What Went Wrong With Blass?

Lars Nilsson’s dismissal from the Blass collection a day after his runway show, came as a surprise to many editors.


“It is difficult to follow a successful and established designer,” Patneaude said. “There is no shortage of design talent out there, but for someone to take on a brand where the business was driven by such a personality — I wish them luck in finding someone who is a true talent and has great charisma. It’s hard for a younger designer to have that authority.”

Bergdorf Goodman, which has carried the Blass collections for decades and is a key connection between the house and its prominent clientele, has seen a drop-off in the business since Blass retired, said Robert Burke, vice president and senior fashion director.

“When you are relaunching a brand like Bill Blass, you have to keep the existing customer base and attract a new one at the same time, and you have to have a long-term goal in place,” Burke said. “It’s not something that is going to happen in three, four or even five seasons. And you don’t just go back to the well; you have to be innovative. Lars is extremely talented, but you have to realize it’s a new era. You can’t go back and live in Bill Blass’ skin. It’s just not going to happen.”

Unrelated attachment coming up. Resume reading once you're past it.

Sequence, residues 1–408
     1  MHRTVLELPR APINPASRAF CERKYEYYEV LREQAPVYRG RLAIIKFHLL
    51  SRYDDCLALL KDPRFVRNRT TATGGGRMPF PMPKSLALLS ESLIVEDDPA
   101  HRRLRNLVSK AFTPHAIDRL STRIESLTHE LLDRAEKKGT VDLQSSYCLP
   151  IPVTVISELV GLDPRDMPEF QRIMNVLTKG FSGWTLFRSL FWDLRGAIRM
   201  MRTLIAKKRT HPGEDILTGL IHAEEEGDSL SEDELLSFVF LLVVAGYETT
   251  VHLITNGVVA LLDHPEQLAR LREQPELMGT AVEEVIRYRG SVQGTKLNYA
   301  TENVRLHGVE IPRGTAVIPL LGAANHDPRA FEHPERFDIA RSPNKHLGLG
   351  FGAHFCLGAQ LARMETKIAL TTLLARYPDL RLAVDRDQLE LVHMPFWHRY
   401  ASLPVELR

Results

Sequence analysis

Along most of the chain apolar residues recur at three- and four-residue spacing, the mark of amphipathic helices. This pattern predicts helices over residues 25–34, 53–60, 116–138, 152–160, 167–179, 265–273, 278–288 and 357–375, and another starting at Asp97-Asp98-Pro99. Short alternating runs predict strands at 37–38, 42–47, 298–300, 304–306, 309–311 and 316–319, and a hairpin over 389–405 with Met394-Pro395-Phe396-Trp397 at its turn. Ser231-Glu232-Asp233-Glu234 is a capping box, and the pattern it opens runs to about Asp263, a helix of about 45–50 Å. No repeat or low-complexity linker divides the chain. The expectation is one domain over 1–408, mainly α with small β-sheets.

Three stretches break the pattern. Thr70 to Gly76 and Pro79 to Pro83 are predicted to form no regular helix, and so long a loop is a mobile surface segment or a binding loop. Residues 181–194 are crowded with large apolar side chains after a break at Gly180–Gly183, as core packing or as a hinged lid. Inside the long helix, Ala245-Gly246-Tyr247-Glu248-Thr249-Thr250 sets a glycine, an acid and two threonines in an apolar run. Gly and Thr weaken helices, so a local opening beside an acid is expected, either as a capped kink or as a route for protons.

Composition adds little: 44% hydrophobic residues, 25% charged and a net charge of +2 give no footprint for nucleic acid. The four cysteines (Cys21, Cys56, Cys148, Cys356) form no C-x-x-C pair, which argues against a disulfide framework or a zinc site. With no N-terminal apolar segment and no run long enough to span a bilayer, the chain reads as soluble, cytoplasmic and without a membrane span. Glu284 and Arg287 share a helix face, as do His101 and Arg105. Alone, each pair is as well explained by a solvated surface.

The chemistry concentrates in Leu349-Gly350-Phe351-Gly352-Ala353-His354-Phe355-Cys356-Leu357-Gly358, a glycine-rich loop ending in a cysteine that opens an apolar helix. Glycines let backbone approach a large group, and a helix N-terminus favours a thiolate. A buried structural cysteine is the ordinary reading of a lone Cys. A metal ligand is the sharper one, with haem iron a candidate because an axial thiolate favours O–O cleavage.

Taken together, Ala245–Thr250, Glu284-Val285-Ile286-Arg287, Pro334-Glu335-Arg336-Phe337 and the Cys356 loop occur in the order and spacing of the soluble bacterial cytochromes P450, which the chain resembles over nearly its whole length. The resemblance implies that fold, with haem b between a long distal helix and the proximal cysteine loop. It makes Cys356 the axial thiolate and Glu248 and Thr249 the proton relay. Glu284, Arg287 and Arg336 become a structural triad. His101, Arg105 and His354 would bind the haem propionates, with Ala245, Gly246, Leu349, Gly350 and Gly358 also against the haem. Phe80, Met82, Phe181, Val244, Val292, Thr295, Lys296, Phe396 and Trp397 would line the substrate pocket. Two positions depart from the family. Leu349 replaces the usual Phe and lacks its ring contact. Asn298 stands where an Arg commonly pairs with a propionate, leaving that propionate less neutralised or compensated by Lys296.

Burke compared Bill Blass instead to Oscar de la Renta, a contemporary that remains independent and successful because the designer has strived to attract a new, younger customer while continuing to cater to his established fans.

“The way we can tell this is working is that an established customer is buying his suits, while the new one is coming in and buying three blouses or one signature jacket,” he said. “No one wants to forsake the existing business, but when you think of the gambles that have paid off today, you realize that you have to be willing to take those risks.”

Nilsson certainly had the support of stores and the press. Jaqui Lividini, senior vice president of fashion merchandising and communications for Saks Fifth Avenue, which has continued to report strong sales of the Blass collection, said there are several important components to making the continuation of a brand successful, namely investment and the talent to balance the history of the house with a look toward the future. “I thought Lars did strike that balance,” she said. Several magazine editors, including Vogue’s Anna Wintour and Glenda Bailey from Harper’s Bazaar, were also extremely supportive of the designer.

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